The question addressed in this work is what dictates the retrieval fluency of opposite mood memories? While previous research has suggested several correlates of emotional memory retrieval in general, such as personality traits of neuroticism and extraversion (Denkova et al., 2012) and increased brain activity in regions such as the amygdala, hippocampus, and several regions in the prefrontal cortex (see Svoboda et al., 2006; Denkova et al., 2013; Young et al., 2013), the factors that specifically influence the retrieval of memories that are opposite to the current mood are still relatively poorly understood. Some authors (Isen, 1985; Singer and Salovey, 1988; Rusting, 1998) have suggested that mood incongruent memories are less accessible when in a happy mood than in a sad mood. Others have suggested that such difficulty in retrieval of mood incongruent happy autobiographical memories actually reflects levels of sadness (Sheppes and Meiran, 2007). In the current work we examined these two valence-specific hypotheses, along with an alternative hypothesis suggesting that emotional engagement plays a central role in determining how mood influences the fluency of retrieval of mood incongruent autobiographical memories. We refer to emotional engagement here as the extent to which one is involved in the emotional experience. We note that although the degree of emotional engagement may be related to emotional intensity, the two are not synonymous, as one may feel intense emotion, yet may turn away and disengage from it [e.g., through application of emotion regulation strategies such as suppression or response modulation (see Gross, 2001)].

The plausibility of emotional engagement as a determining factor in the retrieval of mood incongruent memories may be illustrated by drawing an analogy between mood incongruent retrieval and task switching (see Greenberg and Meiran, 2013). The task switching paradigm (see Kiesel et al., 2010; Meiran, 2010; Vandierendonck et al., 2010 for reviews) involves asking participants to rapidly switch between different tasks including speeded choice tasks, memory retrieval tasks, and so forth. There is a relatively wide agreement among researchers that this switching involves a behavioral cost, due to the need to change the task-set, which may be described as the configuration of the cognitive system needed in order to perform the task. Moreover, evidence suggests that these costs are caused (perhaps in part) by the difficulty in disengaging from the previously relevant task set. A particular finding which supports this conclusion is “switch asymmetry,” which refers to the fact that the more engaging a task is (or appears to be, see Barutchu et al., 2013), the longer it takes to disengage from it in order to switch to a different task (e.g., Allport et al., 1994; Yeung and Monsell, 2003). Note that mood resembles task sets in many respects. Like task sets, mood prepares the organism to act and think in a manner appropriate for the given context. The analogy between task sets and mood suggests that the greater the engagement in a particular mood, the “deeper” one is immersed in it and allocates attention resources to it, and the more difficult it would be to switch to a different mood. As a result, greater mood engagement is expected to impair the subsequent retrieval of opposite mood memories (see Bower, 1981).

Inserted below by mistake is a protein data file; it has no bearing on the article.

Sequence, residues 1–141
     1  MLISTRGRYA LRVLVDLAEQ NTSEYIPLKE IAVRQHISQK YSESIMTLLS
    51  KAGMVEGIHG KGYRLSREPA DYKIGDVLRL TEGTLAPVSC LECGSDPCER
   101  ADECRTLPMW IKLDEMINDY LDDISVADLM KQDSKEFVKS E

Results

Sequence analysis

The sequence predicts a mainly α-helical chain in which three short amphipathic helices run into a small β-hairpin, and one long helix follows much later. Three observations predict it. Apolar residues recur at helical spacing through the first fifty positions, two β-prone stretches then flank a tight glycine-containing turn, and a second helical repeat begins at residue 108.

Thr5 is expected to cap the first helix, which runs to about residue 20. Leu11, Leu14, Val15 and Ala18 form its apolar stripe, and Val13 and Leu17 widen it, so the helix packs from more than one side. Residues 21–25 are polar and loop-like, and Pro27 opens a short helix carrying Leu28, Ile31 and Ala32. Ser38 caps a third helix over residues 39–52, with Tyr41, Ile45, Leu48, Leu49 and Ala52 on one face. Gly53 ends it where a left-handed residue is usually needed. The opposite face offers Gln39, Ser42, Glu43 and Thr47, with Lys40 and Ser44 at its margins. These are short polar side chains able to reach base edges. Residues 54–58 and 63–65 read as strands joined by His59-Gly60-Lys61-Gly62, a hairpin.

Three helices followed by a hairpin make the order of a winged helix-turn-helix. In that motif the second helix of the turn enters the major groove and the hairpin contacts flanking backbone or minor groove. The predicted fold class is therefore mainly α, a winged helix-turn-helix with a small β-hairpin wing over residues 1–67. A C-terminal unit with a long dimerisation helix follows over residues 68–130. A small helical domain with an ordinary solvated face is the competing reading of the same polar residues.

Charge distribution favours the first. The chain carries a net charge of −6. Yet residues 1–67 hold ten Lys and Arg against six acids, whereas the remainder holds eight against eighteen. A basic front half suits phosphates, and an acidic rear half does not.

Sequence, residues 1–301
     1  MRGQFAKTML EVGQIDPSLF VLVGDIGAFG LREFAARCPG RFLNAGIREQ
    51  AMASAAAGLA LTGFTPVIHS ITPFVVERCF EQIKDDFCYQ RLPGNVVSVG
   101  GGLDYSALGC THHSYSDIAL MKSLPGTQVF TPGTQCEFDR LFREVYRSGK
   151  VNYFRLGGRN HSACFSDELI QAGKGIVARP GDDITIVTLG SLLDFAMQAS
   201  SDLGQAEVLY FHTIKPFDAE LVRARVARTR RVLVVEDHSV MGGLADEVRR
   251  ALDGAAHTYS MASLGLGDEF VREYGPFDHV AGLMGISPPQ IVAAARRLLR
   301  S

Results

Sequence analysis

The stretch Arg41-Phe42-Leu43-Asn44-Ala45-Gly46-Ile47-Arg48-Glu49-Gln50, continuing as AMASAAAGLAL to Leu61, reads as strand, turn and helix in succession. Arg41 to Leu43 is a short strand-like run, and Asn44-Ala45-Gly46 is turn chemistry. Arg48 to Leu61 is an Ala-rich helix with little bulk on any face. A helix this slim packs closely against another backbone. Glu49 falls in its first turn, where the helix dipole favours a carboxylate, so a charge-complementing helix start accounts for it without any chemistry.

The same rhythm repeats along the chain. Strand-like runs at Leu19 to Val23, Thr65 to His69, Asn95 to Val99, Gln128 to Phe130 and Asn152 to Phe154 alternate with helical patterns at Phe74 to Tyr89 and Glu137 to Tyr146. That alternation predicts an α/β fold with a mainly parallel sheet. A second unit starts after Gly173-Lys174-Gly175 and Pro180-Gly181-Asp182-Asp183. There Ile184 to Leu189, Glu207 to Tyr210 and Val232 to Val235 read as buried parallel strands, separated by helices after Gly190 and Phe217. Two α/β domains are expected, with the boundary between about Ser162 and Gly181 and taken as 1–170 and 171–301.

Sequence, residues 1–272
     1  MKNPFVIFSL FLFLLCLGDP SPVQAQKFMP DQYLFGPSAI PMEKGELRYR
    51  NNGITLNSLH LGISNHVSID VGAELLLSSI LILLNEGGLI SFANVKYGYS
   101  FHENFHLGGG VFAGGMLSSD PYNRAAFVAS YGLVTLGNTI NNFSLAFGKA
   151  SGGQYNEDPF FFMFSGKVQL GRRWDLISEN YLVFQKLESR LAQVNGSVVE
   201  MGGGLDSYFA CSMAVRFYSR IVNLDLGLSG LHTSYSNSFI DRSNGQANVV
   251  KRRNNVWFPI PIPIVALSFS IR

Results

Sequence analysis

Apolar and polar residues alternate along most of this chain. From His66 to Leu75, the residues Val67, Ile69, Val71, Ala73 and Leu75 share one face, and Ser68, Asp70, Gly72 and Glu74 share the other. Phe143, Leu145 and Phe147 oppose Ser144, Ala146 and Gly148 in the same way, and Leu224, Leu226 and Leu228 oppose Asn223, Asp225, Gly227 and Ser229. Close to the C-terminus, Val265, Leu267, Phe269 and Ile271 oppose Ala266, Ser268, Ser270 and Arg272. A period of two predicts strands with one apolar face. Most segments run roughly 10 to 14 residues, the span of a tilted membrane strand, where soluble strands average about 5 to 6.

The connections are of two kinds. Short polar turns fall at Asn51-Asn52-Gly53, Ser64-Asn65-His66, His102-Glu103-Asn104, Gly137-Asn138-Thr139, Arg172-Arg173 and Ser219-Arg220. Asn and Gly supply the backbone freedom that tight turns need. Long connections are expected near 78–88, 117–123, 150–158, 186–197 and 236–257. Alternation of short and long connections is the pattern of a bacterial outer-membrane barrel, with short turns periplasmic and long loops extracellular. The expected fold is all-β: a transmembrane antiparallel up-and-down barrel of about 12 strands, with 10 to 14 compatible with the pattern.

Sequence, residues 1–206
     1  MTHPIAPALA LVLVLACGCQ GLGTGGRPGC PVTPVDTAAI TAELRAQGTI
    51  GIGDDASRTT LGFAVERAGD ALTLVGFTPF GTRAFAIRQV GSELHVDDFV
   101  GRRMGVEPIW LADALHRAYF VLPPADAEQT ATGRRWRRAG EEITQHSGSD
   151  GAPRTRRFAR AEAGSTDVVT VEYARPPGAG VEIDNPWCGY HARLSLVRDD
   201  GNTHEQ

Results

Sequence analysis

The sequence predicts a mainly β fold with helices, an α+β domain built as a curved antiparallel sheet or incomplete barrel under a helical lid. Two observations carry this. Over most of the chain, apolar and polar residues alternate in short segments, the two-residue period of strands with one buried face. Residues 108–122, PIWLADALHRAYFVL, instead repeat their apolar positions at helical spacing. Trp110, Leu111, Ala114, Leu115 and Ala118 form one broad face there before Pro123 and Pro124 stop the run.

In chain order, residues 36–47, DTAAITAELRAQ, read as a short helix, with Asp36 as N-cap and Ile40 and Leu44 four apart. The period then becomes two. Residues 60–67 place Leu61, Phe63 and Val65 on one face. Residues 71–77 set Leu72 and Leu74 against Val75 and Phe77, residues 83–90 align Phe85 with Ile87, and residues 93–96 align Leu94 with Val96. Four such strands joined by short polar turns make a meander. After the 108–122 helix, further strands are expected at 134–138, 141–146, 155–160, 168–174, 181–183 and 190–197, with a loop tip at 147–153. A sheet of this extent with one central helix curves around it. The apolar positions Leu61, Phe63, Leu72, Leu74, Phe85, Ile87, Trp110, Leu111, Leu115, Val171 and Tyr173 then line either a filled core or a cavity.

In Study 1, we examined the effect of emotional engagement on retrieval fluency of mood incongruent memories by manipulating emotional engagement in two different ways: providing instructions to engage vs. disengage emotionally and manipulating the duration of the clips used (long vs. short) to elicit the emotion. Our dependent measure was based on participants' performance on the Fluency of Autobiographical Memory (FAM) task (Sheppes and Meiran, 2007; Greenberg and Meiran, 2013) in which participants are asked to recall as many autobiographical events as possible that are linked to the opposite-to-induced emotion. Sheppes and Meiran examined two dependent measures: recall latency of the first opposite mood memory, and the total number of memories recalled. In their study, the generation of positive autobiographical memories was found to be highly sensitive to emotion manipulation (negatively valenced vs. positively valenced film clips), with partial μ2 values exceeding 0.30.